I didn't see any physical evidence, but from time to time my Scottie, Whisky, sniffed behind the couch and barked down the heating vents. Whisky is a retired ratter, though, and had achieved little in the area of pest eradication until last week when he wrought such a hullabaloo of pent-up vengeance as I will not soon forget.

Whisky had been sniffing and growling around the dishwasher and Jose, resorting to the least technical of mouse traps, decided to block the entrance to the kitchen with sticky paper designed for trapping unwanted interlopers. I didn't like the idea. Getting stuck and then tossed into a dumpster sounds like a bad way to go, even for a rat. At least the Raticator offers a quick end to life's travails. However, Jose is as stubborn as a terrier. Down went the sticky paper on the other side of the baby-gate that keeps the dogs out of the kitchen, and off to bed we went.

We had no sooner turned off the light than I heard a high-pitched Skreeee-skreeee-skreeee! from the kitchen accompanied by an outraged barrage of Scottie barks. "They will both get tired," Jose said laconically. Not so.

I made Jose get up to see what was happening. He came back and said, "There is a rat on the paper." I already knew that. Skreeee-skreeee-skreeee! Woof-woof-woof!

"Are we going to let that poor creature stay stuck there all night?"

 "Whisky is very interested," Jose said.

"What if he knocks that gate over?" Skreeee-skreeee-skreeee! Woof-woof-woof!

"Whisky cannot knock the gate over. It is a strong gate." Skreeee-skreeee-skreeee! Woof-woof-woof!

Immediately, a crash came from the kitchen, followed by a yip. Then silence. The gate had been breached.  I swear, if Jose didn't say everything in a cute Brazilian accent I'd have smacked him.

We went out to the kitchen. There was no sign of the rat, but Whisky was stuck to the paper. Crap.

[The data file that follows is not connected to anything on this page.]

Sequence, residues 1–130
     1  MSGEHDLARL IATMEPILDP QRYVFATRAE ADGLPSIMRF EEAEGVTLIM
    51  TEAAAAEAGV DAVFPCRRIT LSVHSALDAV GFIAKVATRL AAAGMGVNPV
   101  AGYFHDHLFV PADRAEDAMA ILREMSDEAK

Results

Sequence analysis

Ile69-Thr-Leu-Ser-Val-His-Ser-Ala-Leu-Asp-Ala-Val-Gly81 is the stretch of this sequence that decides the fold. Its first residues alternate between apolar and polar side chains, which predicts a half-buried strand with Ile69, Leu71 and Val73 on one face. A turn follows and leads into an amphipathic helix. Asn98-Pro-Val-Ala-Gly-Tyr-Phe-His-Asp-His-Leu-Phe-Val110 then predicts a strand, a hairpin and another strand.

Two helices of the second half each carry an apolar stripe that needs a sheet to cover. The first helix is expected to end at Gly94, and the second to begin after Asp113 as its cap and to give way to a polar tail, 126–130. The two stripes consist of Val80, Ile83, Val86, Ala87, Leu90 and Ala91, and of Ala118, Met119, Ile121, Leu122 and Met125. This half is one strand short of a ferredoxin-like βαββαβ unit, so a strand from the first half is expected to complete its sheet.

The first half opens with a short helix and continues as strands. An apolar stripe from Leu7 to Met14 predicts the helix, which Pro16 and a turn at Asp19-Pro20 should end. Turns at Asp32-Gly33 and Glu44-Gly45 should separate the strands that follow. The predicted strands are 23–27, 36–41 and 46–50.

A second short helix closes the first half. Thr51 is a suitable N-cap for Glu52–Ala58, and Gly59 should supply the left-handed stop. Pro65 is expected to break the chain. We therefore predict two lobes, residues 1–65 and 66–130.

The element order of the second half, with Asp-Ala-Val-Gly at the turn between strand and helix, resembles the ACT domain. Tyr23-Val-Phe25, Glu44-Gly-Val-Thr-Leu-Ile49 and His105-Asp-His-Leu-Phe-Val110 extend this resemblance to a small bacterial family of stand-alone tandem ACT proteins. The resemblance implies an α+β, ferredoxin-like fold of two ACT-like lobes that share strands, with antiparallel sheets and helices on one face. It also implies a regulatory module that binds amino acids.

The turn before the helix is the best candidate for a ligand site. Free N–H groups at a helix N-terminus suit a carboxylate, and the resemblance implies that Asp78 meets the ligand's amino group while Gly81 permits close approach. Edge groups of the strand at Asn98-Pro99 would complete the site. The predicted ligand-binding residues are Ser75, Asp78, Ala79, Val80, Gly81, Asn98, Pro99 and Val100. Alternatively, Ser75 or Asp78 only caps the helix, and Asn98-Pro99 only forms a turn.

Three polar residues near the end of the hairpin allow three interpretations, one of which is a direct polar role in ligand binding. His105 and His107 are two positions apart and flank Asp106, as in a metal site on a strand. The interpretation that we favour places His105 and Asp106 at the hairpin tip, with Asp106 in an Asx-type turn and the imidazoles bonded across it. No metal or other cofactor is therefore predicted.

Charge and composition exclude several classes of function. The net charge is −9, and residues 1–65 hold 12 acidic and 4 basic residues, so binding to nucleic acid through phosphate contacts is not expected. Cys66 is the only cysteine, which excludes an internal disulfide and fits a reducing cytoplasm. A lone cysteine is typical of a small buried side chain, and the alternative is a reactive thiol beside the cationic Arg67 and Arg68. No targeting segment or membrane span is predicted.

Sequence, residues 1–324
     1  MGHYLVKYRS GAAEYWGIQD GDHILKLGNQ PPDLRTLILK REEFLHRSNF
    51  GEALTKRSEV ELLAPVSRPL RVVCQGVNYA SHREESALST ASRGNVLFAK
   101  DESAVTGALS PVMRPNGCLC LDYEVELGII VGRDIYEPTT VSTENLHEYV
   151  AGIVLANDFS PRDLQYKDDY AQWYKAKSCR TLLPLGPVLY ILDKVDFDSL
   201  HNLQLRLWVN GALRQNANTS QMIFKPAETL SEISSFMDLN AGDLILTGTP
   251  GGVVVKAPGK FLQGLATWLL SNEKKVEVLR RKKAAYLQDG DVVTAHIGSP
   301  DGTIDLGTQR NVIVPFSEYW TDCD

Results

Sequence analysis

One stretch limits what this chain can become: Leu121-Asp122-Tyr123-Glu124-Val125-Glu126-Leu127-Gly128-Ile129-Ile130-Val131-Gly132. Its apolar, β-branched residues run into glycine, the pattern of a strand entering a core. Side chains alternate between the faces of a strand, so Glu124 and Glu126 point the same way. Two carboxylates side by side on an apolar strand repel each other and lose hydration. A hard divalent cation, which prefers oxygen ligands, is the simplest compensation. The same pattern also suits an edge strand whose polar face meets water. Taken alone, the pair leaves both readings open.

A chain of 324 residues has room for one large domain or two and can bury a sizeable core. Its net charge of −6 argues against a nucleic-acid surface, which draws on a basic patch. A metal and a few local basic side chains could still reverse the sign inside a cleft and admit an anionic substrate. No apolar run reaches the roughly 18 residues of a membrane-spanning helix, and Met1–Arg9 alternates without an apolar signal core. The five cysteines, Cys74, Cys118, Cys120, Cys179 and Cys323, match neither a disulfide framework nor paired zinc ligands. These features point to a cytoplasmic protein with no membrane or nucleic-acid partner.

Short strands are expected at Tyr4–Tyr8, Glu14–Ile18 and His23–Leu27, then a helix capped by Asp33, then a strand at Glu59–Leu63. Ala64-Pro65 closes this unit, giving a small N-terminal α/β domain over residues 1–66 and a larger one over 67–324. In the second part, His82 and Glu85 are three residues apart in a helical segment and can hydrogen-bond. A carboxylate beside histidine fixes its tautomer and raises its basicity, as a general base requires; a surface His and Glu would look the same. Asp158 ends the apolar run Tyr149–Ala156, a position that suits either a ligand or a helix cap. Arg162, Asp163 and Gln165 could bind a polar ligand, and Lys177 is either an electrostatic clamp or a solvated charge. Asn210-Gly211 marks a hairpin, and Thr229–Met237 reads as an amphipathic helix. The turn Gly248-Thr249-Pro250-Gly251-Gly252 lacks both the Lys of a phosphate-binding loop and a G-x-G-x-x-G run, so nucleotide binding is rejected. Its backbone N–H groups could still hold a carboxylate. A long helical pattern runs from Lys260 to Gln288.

I grabbed a pair of scissors to separate Whisky from the paper, lifted him by the tail (this convenient, strong handle comes standard on all Scotties) and found the rat underneath, rather untidily disemboweled. I dropped the tail and pushed the whole mess away with my foot without thinking. My bunny-eared slipper was now stuck to the paper as well.

I think you can imagine the rest. Snip-snip, curse-curse. Detritus out to the trash. Lysol clean-up. Dog and me into the shower. To bed by 2 a.m.

I still think there's one more. Either that of the spirits of rats past are eating the bait in the Raticator--that device appears to have given up the ghost.

AND... There's also good stuff in my life that also keeps me from posting here. 


As usual, just when I despaired of my students, they have stunned me again with their insights. and I remember why it is I do this.


I found a critique group that works for me. They are fabulous readers who offer practical, insightful feedback. Now I need to write more fiction, too.


Earlier this year, I started RenegadeBooks to publish my own work, as well as books by authors who don't fit the mold of today's romance publishers. They don't want to write 50 Shades of...Yikes!  So far, we have 11 titles and a website that needs work. If you want to know more, read Peter Jordan’s Marriage or Here for You Always by Margaret O’Neil.

So that's what's up with me.  I will post more...soon I hope.  Maybe my students will keep me honest and give me some due dates.